China's Spring Airlines is considering a standing-room-only class for flights in exchange for lower ticket prices, reports the U.K.'s Telegraph.
Passengers would still have seatbelts, but seating would be more like "bar stools," the airline's president said, and that switching to standing seats would increase the airplane's capacity by 40%.
"We need many other conditions to make it work, like working together with airplane manufacturers, getting the approval from the authorities and having the consumers accept the idea," the airline's spokesperson told China National Radio.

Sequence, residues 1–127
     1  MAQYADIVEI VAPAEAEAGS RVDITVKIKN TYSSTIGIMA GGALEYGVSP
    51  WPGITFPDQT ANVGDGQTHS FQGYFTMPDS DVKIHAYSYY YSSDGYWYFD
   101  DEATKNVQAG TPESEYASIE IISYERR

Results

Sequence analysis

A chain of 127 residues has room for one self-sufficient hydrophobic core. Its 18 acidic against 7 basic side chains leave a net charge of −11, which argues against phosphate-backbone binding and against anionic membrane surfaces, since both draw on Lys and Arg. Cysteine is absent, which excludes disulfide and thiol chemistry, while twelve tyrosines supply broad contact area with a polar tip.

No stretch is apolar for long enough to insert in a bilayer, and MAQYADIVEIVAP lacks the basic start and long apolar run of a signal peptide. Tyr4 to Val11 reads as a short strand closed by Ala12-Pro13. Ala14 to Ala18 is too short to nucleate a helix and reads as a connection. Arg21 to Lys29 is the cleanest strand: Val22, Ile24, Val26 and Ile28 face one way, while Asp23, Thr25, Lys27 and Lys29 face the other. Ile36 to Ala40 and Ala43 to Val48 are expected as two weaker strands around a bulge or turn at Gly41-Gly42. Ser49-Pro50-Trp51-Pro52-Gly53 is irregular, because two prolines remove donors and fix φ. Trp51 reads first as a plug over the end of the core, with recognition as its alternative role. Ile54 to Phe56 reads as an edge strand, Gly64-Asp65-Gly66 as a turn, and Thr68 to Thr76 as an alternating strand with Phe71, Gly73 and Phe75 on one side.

Ryanair, a budget carrier from Ireland, has also expressed interest in pursuing standing seating, but aviation authorities have been reluctant due to safety issues.
Spring Airlines saw its share price more than double within just six days of listing on the Shanghai stock exchange, making it Asia's most valuable budget carrier. Shares gained the daily limit of 10% each day since hitting the debut maximum of 44% on Jan. 21. That made the airline worth 15.29 billion yuan ($2.45 billion).
Spring has managed to undercut its larger state-owned rivals with stringent cost control and a no-frills approach. Spring filled more planes more often last year than domestic rivals, reporting China's highest average passenger load factor of 95%. The airline has also been profitable since its first full year of operation in 2006.